Jacob Sullum wrote the other day about the successful recall of two pro-gun control politicians in Colorado. Molly Ball in the Atlantic sees this as proof that not even a year after Newtown, gun control is once again dead:
Advocates needed to send a signal that politicians could vote for gun control without fear of ending their careers. Instead, they sent the opposite message. Now risk-averse pols, already all too aware of the culture-war baggage the gun issue has historically carried, will have no incentive to put their political futures in jeopardy by proposing or supporting gun-control legislation. Indeed, it doesn't seem far-fetched to think that gun control might go back into the policy deep-freeze where Democrats had it stowed for most of the last 10 years……
The supposedly new-and-improved gun-control lobby was convinced that conventional wisdom was out of date. It set out to convince politicians that the landscape had changed. It had a less inflammatory message and more modest goals than the would-be gun-prohibitionists of the 1980s and '90s. It had a public that seemed galvanized by the shootings in Tucson and Aurora and Newtown, and polling data that seemed to show voters overwhelmingly supportive of its aims….
But there was still one thing they needed to prove. They needed to prove that they could protect the lawmakers whom they coaxed out on a limb. On Tuesday, they failed that test. Future lawmakers facing similar votes aren't going to care about the particulars; they're going to look at John Morse and Angela Giron and think, That's going to be me. No thanks.
I had what seemed to be the crummy timing of having an article headlined "Gun Control R.I.P." appear a week or so before the Newtown shooting, and many correspondents thought it worthwhile to take the time to let me know exactly how obviously wrong and crazy I was. I believed before Newtown, and believe even more now, that the politics of gun control have–rightly–become resistant to whipsawing based on a random outlying tragedy.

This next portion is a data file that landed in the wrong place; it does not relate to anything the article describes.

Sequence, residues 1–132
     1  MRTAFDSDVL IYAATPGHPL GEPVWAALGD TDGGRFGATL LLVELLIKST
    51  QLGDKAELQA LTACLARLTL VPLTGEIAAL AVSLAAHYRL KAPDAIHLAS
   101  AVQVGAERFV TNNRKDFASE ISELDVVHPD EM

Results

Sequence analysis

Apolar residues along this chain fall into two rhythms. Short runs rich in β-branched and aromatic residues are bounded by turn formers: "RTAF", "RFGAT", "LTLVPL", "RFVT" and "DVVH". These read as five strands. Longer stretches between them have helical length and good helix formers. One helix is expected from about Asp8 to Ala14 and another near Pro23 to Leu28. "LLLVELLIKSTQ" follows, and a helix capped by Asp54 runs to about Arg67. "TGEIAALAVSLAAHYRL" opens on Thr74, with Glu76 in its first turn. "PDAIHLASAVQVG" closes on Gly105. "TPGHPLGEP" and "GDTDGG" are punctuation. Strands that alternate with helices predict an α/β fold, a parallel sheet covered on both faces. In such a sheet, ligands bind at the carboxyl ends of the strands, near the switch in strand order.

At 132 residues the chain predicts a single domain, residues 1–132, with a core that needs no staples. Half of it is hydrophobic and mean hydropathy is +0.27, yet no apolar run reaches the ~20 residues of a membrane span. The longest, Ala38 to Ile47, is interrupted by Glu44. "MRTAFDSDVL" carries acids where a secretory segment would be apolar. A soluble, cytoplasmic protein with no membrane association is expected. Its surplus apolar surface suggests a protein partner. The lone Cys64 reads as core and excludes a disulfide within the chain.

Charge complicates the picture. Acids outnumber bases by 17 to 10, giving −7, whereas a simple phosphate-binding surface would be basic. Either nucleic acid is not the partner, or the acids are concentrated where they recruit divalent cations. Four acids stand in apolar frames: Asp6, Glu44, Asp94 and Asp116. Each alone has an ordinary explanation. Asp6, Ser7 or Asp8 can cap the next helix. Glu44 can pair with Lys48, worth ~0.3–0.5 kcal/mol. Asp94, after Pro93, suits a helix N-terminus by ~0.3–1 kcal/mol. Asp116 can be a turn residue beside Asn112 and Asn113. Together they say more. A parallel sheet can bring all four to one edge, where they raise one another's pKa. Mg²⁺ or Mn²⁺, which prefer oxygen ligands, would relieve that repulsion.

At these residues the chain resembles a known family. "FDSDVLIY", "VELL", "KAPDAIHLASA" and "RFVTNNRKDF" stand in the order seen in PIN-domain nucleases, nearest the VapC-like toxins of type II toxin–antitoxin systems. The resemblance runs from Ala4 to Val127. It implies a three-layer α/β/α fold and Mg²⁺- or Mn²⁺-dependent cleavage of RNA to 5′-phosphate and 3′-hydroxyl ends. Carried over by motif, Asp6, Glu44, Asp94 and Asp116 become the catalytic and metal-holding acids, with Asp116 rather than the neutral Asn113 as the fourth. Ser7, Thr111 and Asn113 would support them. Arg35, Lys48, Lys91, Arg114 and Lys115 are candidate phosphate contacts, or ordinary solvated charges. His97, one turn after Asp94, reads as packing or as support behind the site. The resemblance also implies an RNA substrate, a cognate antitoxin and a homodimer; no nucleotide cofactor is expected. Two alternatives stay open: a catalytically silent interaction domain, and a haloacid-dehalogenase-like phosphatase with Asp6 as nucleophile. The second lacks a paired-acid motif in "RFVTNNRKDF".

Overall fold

Similarly, I'm not as confident as Ball is that local and state politics everywhere re: guns are so similar to Colorado's that this week's recall proves that no politician will dare be anti-gun in the near future. (As she points out, the gun control laws that Morse and Giron were removed over are still in force.)
There is a significant and impassioned group of activist and policy entrepreneurs and politicians who very much want to pass more restrictive gun laws, and they won't disappear, and they might even continue to have small local victories.
But for all the same reasons I wrote about before Newtown, I don't expect them to be very successful nationally or for long. Not because of the unique power of the gun lobby, but because most Americans understand both the constitutional and prudential reasons for allowing individuals to own common means of self-defense and pleasure.
My book on the politics and law of gun control, Gun Control on Trial.